To determine the fluctuations in amplitude and phase, the linearization method is used to obtain simplified equations by assuming that amplitudes of the stochastic terms in the SDE are much smaller than the deterministic terms [37]. Under this assumption, smoothly varying averaged amplitude (ρ sm) and phase (φ sm) responses can be defined by neglecting the noise terms in (28) and (29):

ρ sm = −

αρ sm 2β (30) + 2 πω o

2 3µρ sm . (31) φ sm = 8ω o

Now, the fluctuations in amplitude (δρ) and phase (δϕ) may be defined as

δρ = ρ * − ρ sm (32)

δφ = φ * − φ sm . (33)

While differentiating (32) and (33) and linearizing them along the smoothly varying trajectories (ρsm, ϕsm), the higher orders of δρn and δρϕn (n ≥ 2) are neglected because it is assumed that the deterministic oscillator out-

agrawal and seshia: an analytical formulation for phase noise in mems oscillators

put dominates over noise. This leads to the simplified equations

= − α δρ + R f v sin θ (34) δρ sm 2 Lm n

= 3µρ sm δρ + R f v cos θ . (35) δφ sm 4ω o L mρ sm n

Because (30) describes the smoothly varying averaged output amplitude, it can be shown that ρsm = ρo. Therefore, the approximated steady-state amplitude is determined by equating (30) to zero and using (18):

4β V ρo = = R f F . (36) πω oα Rm

Using (31) and (36), the modified averaged total phase (θsm) is given by

θ sm = ω1t + φ o, (37)

where

In (43), the correlation is determined at time t and t + τ where τ represents the variable time shift between the signals. 〈·〉 represents the ensemble average of a signal and δ(τ) is the Dirac delta function. v n2 is a single-sided power spectral density of the equivalent noise voltage source. It should be noted that this analysis considers noise sources that have equal intensities in the amplitude and phase quadratures. To determine the oscillator spectrum, first, the autocorrelation functions of amplitude and phase fluctuations are determined, and then the PSD of the output is calculated. B. Autocorrelation of Amplitude Fluctuations Once the steady-state condition is reached, amplitude fluctuations can be determined by applying the Duhamel integration to (39) [39]:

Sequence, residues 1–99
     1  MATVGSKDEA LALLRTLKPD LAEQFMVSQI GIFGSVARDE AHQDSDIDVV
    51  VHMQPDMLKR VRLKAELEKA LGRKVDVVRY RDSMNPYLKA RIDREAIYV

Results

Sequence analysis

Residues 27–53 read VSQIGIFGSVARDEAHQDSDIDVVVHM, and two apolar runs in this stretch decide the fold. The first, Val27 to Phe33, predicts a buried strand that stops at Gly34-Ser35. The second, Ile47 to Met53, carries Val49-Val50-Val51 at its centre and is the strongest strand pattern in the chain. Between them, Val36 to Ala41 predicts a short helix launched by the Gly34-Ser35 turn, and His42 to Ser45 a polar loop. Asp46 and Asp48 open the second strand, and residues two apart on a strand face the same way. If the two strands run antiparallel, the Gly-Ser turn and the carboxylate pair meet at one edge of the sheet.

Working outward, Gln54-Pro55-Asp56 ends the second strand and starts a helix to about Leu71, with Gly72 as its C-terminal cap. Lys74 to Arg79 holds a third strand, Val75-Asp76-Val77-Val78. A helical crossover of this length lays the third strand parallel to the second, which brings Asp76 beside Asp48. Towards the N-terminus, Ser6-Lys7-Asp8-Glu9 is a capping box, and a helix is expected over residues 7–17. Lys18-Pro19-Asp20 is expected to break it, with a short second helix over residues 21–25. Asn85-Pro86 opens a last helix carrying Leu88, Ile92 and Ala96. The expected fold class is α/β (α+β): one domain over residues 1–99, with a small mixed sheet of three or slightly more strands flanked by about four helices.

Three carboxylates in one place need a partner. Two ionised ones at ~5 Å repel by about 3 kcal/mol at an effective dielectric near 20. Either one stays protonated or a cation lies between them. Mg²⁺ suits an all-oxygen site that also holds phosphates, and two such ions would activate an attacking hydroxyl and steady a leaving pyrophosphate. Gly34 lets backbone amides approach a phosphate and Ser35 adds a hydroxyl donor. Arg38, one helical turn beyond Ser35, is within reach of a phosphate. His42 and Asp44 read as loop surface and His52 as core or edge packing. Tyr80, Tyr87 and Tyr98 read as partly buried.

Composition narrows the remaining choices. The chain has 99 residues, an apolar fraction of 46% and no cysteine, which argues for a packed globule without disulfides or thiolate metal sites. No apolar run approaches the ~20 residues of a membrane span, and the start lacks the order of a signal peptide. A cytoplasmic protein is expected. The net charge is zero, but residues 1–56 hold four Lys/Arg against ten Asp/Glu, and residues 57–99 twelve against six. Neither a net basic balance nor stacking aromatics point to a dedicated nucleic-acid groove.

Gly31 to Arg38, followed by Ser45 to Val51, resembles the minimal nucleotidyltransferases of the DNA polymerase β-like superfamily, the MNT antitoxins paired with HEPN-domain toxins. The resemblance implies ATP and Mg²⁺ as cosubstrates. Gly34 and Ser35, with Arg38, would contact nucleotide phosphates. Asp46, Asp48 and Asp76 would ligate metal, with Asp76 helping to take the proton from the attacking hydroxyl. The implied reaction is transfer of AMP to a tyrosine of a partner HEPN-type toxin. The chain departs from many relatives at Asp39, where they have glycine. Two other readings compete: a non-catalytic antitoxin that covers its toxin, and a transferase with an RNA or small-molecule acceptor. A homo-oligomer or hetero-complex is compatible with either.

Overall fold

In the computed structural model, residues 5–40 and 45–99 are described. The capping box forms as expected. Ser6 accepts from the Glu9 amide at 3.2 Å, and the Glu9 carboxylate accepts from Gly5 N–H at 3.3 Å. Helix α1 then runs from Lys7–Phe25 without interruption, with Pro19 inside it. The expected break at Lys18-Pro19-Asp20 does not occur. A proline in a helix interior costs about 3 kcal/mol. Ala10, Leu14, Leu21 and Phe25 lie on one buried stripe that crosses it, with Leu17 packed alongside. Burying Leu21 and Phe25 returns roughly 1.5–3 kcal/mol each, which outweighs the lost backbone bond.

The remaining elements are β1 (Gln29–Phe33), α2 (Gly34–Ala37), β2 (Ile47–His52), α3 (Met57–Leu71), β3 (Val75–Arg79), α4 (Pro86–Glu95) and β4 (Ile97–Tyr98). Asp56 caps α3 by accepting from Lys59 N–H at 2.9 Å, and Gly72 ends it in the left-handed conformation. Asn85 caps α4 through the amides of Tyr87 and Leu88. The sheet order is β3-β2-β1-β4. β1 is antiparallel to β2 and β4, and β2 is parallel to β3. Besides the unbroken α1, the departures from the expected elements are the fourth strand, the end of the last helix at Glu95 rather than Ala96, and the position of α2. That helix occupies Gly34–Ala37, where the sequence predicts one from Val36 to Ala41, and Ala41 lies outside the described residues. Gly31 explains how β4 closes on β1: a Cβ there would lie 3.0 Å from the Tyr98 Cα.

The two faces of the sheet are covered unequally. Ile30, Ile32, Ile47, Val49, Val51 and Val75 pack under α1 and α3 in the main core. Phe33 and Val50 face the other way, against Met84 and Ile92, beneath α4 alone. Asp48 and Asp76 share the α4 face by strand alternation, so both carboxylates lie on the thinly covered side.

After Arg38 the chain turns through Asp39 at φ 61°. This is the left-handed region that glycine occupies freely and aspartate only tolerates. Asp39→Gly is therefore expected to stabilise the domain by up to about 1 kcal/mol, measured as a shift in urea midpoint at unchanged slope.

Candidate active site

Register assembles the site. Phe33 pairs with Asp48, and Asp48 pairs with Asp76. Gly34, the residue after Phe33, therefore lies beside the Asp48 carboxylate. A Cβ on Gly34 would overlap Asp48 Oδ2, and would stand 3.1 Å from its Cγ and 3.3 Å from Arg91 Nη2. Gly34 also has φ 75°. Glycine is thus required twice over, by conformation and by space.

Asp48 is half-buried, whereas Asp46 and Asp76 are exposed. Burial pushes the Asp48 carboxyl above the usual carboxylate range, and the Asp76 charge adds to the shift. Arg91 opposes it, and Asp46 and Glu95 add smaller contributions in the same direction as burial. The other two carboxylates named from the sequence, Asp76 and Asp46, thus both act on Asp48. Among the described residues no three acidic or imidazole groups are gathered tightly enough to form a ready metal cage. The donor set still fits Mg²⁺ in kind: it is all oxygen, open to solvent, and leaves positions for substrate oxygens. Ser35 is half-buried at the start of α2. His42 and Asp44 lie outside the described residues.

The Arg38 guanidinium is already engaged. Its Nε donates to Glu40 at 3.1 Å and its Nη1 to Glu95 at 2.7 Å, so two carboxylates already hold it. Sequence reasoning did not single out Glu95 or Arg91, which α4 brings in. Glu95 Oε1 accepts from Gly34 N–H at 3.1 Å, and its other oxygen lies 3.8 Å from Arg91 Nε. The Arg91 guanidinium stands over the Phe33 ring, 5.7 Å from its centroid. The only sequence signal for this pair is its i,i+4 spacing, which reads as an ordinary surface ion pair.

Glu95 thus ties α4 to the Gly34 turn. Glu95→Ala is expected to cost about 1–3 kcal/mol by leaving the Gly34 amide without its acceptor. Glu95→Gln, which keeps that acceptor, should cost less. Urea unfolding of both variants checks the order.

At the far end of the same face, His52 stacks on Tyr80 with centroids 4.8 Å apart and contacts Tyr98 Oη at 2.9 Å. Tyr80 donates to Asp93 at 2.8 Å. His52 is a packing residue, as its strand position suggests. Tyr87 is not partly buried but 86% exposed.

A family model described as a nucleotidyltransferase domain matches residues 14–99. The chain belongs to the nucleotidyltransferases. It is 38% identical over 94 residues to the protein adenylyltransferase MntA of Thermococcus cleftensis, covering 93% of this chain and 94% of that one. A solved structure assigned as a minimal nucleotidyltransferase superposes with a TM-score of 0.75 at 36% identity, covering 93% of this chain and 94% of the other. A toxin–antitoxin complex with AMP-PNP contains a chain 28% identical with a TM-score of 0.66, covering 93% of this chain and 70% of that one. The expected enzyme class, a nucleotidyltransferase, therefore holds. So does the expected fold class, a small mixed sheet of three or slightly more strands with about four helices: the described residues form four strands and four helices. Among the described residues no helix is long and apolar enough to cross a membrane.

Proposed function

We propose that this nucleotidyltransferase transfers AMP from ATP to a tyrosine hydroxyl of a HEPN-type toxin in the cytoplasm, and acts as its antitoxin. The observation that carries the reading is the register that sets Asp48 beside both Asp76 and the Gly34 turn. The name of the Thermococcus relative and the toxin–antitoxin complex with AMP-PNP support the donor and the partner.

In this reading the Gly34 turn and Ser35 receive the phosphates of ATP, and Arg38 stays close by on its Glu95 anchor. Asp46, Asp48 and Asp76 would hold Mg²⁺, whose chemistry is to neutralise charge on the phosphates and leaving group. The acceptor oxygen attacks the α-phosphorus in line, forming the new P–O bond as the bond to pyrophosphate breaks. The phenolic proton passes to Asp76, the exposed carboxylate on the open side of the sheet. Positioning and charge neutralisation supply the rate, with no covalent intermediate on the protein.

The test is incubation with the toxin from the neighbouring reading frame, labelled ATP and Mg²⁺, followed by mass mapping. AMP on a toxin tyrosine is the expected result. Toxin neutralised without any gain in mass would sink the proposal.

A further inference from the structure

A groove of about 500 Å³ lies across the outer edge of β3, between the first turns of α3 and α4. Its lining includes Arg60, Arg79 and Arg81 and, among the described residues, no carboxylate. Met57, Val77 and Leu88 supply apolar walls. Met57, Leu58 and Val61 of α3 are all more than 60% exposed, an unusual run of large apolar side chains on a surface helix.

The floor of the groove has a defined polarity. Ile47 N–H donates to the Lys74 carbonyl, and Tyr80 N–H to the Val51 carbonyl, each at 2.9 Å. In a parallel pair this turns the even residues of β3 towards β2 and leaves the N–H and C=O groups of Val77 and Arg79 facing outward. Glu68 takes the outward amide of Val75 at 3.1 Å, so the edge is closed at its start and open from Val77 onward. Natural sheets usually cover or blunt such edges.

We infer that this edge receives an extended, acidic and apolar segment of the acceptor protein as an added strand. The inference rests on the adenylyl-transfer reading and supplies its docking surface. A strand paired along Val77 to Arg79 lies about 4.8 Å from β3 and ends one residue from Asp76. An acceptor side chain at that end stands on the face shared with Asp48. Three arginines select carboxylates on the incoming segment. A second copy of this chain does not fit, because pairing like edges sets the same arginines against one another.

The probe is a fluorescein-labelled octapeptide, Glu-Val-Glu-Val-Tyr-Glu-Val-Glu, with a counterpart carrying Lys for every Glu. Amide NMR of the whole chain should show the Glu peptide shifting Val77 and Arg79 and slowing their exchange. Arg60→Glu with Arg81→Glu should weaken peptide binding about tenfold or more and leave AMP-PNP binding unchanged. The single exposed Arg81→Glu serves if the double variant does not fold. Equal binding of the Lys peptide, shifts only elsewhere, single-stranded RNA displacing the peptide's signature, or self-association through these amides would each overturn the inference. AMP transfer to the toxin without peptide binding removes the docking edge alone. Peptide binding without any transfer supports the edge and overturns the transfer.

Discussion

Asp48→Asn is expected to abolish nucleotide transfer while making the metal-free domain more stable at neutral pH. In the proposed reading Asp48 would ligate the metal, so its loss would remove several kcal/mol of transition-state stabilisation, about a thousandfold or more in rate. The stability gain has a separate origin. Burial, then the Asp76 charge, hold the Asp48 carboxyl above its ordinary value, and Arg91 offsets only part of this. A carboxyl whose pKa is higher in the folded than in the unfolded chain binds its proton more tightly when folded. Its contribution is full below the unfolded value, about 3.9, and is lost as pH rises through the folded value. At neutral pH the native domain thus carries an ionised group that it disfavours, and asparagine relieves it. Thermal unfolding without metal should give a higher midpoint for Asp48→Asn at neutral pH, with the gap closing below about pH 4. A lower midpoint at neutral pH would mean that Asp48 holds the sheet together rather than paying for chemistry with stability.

δρ(t) =

Rf Lm

t

∫0 e −(α/2)(t −t′)ξ(t ′)dt ′. (44)

The autocorrelation function is given by ω1 = ω o +

3µρ o2 8ω o

. (38)

Here, ω1 is the modified output frequency, which takes into account the effect of the cubic nonlinearity of the resonator, and ϕo is the initial phase. Using the steadystate amplitude and phase responses, (34) and (35) can be rewritten as

= − α δρ + R f ξ(t) (39) δρ 2 Lm

= 3µρ o δρ + R f ζ(t). (40) δφ 4ω o L mρ o

R f2 t t + τ −(α/2)(2t + τ −t ′ −t ′′) e 〈ξ(t ′)ξ(t ′′)〉dt ′ dt ′′. L2m 0 0 (45)

〈 δρ(t)δρ(t + τ)〉 =

ξ(t) = v n sin(ω1t + φ o) (41)

ζ(t) = v n cos(ω1t + φ o). (42)

From (41) and (42), it can be inferred that the contributing noise components in the amplitude and phase fluctuations are orthogonal to each other; therefore, they may be treated as uncorrelated noise sources. Moreover, if the resonator response is linear (μ ≈ 0), the amplitude and phase fluctuations are uncorrelated. However, when the resonator is operated in the nonlinear regime, the conventional assumption of equally distributed amplitude and phase noise may not be valid because δρ and δϕ are correlated. Because vn is a random variable with flat power spectral density, it can be shown that the autocorrelation of the modulated noise components are [38] 〈ξ(t)ξ(t + τ)〉 = 〈ζ(t)ζ(t + τ)〉 =

v n2 4

δ(τ). (43)

∫∫

Eq. (45) can be solved using [20], [21]: 〈δρδρ τ 〉 =

R f2 v n2 −(α/2)|τ | . (46) e L2m 4α

Using (18), (46) can be rewritten in terms of circuit parameters:

Here,

1943

R f2 v n2 −(α/2)|τ | . (47) e L mR m 4

〈δρδρ τ 〉 =

This equation reveals the dependence of the amplitude noise on the gain, provided by the front-end amplifier. C. Autocorrelation of Phase Fluctuations Integrating the linearized differential equation of phase fluctuations (40) over a period of time:

δφ =

3µρ o 4ω o

Rf

t

t

∫0 δρ dt ′ + L mρ o ∫0 ζ(t ′)dt ′. (48)

Determining the autocorrelation of (48) as

3µρ o 〈(δφ)2〉 = 4ω o

2

R2 + 2f2 L mρ o

t

t

t

t

∫0 ∫0 〈δρ(t ′)δρ(t ′′)〉 dt ′dt ′′ ∫0 ∫0 〈ζ(t ′)ζ(t ′′)〉dt ′dt ′′.

(49)

1944

IEEE Transactions on Ultrasonics, Ferroelectrics, and Frequency Control ,

The solution of this equation is determined using (42), (46), and [38]. The final expression is

vol. 61, no. 12,

December

2014

D. Cross-Correlation Between Amplitude and Phase

To determine the oscillator output spectrum, the de2 R f2 v n2 2 2 −(α/2)t 3µρ o R f2 v n2 pendence between the amplitude and phase fluctuations t − + e 〈 (δφ) 〉 = + 2 2 4 t . must be calculated when the MEMS resonator is operated 2ω oα L2m 4 α α L mρ o (50) in the nonlinear regime. The cross-correlation function can be calculated by multiplying (40) with δρ and then When | t | ≫ 2/α, (50) may be simplified to averaging the resulting expression: 2

3µρ o2 R 2 v 2 〈(δφ) 〉 = 2 f 2 n 1 + 2ω oα L mρ o 4 2

2

t . (51)

It is clear from this expression that the phase fluctuations are directly proportional to the integration time when | t | ≫ 2/α. Because of the inherent nature of phase—that it neither grows nor decays in a self-sustained oscillator, any perturbations in the phase caused by noise are accumulated over time. Consequently, the state point in the phase plane adopts a random walk characteristic along the limit cycle [40]. The analogy between the dynamics of the phase perturbation and Brownian motion of unbounded particles enables characterization of the random walk behavior as a phase diffusion process. Therefore, (51) can be expressed as 〈(δφ)2〉 = D φ1 t , (52)